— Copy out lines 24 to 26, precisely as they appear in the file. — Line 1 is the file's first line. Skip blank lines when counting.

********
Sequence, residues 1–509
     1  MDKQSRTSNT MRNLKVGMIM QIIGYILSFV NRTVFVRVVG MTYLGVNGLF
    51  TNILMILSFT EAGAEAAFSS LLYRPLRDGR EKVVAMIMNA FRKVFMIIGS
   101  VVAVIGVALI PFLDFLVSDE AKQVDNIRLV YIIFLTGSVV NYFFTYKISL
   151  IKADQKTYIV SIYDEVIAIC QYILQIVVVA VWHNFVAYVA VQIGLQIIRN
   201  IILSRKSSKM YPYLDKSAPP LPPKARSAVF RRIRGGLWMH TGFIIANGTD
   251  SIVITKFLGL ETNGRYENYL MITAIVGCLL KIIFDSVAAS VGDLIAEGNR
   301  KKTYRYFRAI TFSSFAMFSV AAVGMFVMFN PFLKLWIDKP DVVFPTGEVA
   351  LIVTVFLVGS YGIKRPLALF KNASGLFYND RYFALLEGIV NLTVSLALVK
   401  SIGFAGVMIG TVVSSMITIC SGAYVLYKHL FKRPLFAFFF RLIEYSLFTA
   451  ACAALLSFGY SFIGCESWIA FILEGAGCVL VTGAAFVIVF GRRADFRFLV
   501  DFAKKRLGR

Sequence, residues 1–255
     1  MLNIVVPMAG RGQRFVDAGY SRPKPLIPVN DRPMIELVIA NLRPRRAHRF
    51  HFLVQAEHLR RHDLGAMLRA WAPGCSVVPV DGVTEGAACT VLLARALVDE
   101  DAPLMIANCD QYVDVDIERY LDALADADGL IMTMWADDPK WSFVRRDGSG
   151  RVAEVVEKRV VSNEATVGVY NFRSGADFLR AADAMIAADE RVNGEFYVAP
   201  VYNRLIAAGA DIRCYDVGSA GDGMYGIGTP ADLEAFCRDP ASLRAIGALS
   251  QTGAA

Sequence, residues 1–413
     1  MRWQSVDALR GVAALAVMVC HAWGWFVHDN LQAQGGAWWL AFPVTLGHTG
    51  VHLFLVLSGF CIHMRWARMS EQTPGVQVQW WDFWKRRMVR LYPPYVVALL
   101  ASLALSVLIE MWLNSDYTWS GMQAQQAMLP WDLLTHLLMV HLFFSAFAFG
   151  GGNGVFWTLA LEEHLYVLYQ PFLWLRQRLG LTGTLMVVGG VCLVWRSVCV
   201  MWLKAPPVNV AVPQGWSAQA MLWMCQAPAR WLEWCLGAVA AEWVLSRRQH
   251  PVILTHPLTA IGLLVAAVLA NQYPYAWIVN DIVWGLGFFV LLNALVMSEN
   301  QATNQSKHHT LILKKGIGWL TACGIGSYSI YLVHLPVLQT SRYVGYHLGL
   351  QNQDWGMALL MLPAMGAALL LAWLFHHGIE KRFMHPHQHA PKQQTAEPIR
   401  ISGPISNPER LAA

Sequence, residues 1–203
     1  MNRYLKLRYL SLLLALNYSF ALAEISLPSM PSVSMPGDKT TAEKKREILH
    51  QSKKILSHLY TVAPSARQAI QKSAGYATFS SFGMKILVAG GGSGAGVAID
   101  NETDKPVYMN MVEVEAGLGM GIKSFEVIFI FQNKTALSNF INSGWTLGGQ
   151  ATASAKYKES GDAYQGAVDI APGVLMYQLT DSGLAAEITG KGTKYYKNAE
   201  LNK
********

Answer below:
   151  GGNGVFWTLA LEEHLYVLYQ PFLWLRQRLG LTGTLMVVGG VCLVWRSVCV
   201  MWLKAPPVNV AVPQGWSAQA MLWMCQAPAR WLEWCLGAVA AEWVLSRRQH
   251  PVILTHPLTA IGLLVAAVLA NQYPYAWIVN DIVWGLGFFV LLNALVMSEN